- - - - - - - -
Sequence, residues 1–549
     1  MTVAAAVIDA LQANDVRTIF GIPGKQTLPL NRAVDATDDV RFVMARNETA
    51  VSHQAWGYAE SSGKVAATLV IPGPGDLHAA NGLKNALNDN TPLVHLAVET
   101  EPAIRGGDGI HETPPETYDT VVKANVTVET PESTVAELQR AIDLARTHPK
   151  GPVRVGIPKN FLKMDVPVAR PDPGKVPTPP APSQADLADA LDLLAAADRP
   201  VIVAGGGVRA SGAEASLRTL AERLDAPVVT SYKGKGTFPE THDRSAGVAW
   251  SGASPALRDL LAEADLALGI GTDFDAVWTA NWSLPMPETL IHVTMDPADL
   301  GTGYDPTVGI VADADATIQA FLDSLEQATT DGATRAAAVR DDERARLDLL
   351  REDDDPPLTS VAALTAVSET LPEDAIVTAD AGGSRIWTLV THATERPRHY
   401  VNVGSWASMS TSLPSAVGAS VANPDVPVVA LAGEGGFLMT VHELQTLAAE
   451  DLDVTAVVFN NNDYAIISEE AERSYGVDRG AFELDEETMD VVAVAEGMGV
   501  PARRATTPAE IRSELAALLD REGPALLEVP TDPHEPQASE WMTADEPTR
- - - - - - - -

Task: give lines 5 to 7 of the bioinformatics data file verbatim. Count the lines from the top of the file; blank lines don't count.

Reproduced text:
   151  GPVRVGIPKN FLKMDVPVAR PDPGKVPTPP APSQADLADA LDLLAAADRP
   201  VIVAGGGVRA SGAEASLRTL AERLDAPVVT SYKGKGTFPE THDRSAGVAW
   251  SGASPALRDL LAEADLALGI GTDFDAVWTA NWSLPMPETL IHVTMDPADL